Stocks struggle to hold gains
Tuesday, December 14, 2021 4:40 PM

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In New York, stocks eased off earlier gains Tuesday afternoon, as investors found little reason to jump into the fray after the Fed kept rates steady and left its bond-buying plan alone.

The Dow Jones Industrials pointed upwards 47.98 points to close at 11,476.50

The S&P 500 moved up 1.13 points to 1,241.59. The Nasdaq Composite Index gained 2.81 points to 2,627.72.

About two-thirds of the 30 Dow issues advanced, with Kraft Foods, AT&T, Johnson & Johnson and Microsoft leading the way.

Stocks had rallied out of the gate Tuesday morning, following a better-than-expected retail sales report from the U.S. Commerce Department, and held onto gains for most of the afternoon.

Investors remain somewhat cautious as they wait for Congress to extend the Bush-era tax cuts. The compromise between President Obama and Republicans in Congress could face a final Senate vote Tuesday, after passing a key test Monday.

An extension of the Bush-era tax cuts would keep cash in the wallets of Americans. Since consumers are responsible for the lion's share of spending in the U.S., confident consumers willing to spend is key to an economic recovery.

Best Buy shares slid 16%, after the home electronics retailer lowered its fiscal year outlook and posted a 3.3% decline in quarterly same-store sales.

Shares of General Electric edged higher after the company released presentation slides ahead of its annual investors meeting that reiterated the company's upbeate outlook. GE said it "will deliver solid earnings growth in 2010, 2011 and beyond," as its performance continues to strengthen.

Economically speaking, the Federal Reserve did as expected and held interest rates near 0%, where they have been since the financial crisis took hold in 2008.

The central bank also maintained its rhetoric on the economy, saying that although it is recovering, the pace is not fast enough to combat the unemployment rate.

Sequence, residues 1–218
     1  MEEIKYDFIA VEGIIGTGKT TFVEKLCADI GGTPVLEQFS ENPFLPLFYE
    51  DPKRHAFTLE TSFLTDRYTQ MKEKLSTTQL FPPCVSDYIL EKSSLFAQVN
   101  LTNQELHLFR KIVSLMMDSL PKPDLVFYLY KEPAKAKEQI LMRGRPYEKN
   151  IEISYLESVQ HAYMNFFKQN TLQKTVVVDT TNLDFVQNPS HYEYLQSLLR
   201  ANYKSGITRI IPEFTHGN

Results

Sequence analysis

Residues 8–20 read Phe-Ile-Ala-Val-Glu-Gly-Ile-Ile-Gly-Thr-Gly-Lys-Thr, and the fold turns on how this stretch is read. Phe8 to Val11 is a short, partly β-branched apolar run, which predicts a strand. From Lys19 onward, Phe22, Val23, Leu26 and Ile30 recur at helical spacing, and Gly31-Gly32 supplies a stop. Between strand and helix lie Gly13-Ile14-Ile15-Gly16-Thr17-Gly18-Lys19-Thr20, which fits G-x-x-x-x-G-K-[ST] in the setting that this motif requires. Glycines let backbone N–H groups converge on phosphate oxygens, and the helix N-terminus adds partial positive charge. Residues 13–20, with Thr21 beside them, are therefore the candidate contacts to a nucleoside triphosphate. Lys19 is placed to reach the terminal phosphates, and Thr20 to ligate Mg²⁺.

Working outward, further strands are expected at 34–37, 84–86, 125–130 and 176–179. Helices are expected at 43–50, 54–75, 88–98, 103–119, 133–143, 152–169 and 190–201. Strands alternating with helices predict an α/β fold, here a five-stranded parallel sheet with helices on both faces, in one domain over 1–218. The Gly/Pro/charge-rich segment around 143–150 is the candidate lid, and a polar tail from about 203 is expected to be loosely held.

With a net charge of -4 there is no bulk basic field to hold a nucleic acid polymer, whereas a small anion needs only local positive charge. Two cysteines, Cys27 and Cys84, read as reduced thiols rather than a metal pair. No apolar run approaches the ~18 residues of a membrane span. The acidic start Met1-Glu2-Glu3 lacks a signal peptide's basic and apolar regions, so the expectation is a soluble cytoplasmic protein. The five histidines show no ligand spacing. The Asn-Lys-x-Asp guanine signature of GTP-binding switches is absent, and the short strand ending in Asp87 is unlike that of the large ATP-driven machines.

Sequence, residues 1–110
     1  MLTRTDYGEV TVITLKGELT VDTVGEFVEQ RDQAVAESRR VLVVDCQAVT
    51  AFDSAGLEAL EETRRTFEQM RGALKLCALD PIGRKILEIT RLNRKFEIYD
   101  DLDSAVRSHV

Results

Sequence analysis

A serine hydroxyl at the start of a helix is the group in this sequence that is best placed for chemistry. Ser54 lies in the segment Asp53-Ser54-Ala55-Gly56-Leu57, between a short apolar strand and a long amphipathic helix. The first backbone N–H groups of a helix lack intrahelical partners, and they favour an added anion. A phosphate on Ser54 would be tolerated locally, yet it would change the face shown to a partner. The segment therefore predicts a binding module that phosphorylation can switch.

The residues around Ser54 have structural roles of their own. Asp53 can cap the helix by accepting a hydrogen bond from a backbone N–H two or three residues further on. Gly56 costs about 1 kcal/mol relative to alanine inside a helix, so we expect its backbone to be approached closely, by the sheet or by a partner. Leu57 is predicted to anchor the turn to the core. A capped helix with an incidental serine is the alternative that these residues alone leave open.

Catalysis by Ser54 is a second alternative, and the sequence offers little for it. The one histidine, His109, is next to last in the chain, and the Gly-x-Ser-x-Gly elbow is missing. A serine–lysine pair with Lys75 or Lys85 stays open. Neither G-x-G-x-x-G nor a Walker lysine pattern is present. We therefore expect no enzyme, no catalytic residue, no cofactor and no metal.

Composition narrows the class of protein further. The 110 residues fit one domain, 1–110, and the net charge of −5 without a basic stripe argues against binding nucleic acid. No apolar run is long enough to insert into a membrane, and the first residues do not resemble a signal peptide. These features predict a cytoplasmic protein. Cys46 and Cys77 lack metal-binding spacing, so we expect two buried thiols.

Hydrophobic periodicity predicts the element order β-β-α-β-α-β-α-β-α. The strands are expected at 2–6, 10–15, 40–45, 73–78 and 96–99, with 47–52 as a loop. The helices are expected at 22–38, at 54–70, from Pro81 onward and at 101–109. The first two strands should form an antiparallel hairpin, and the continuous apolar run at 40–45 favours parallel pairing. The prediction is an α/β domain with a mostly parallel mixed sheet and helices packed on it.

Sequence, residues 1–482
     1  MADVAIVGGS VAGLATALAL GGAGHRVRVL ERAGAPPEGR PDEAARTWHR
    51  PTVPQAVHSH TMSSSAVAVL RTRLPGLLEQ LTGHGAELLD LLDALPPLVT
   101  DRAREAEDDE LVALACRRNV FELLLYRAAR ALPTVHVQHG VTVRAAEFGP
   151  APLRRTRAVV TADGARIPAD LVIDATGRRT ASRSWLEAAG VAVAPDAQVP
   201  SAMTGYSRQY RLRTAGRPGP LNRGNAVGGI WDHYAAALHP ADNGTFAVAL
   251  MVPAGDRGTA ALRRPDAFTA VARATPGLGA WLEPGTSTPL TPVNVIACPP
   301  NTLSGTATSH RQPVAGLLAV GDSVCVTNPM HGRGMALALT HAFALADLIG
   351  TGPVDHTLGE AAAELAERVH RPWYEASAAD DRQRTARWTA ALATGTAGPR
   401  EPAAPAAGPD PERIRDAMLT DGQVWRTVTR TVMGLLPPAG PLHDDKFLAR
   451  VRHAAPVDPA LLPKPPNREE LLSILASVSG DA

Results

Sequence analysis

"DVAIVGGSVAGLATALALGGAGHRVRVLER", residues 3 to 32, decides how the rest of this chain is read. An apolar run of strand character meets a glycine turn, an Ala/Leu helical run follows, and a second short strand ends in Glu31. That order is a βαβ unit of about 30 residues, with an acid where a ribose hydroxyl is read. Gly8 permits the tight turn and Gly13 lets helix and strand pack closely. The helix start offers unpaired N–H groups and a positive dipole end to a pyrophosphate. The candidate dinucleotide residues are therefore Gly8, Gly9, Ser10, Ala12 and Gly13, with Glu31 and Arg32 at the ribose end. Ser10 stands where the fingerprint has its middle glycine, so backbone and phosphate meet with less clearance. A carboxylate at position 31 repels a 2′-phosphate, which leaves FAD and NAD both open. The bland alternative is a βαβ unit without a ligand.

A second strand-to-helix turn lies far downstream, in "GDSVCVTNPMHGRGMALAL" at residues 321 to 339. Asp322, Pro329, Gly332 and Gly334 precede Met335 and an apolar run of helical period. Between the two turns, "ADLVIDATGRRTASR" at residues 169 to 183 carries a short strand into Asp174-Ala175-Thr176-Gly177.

The Fed said it is moving ahead with its plan to pump $600 billion U.S. into the economy, known as quantitative easing or QE2, and did make any changes to the program.

Government reports on retail sales and inflation at the wholesale level came out before the market opened.

A report on retail sales was better than expected on strength in gasoline prices and clothing sales: U.S. retail sales rose 0.8% in November the Commerce Department said, better than the 0.5% that economists were expecting, according to consensus estimates from

Excluding the automotive sector, sales popped 1.2%, more than the 0.6% increase economists had been expecting.

The producer price index for November increased 0.8% in November, more than the 0.5% gain that was expected. Core PPI -- which excludes food and energy prices -- rose 0.3%, a larger increase than the 0.2% expected.

After the market opens, another report is expected to show business inventories grew 1.1% in October.

The price on the benchmark 10-year U.S. Treasury dropped sharply, raising the yield to 3.45% from Monday's 3.28%. Treasury prices and yields move in opposite directions.

Oil settled back 51 cents a barrel to $88.12 U.S.

Gold futures for February delivery rose $1.30 to $1,399.30 U.S. an ounce.

(Source: )
(Source: Quotemedia)


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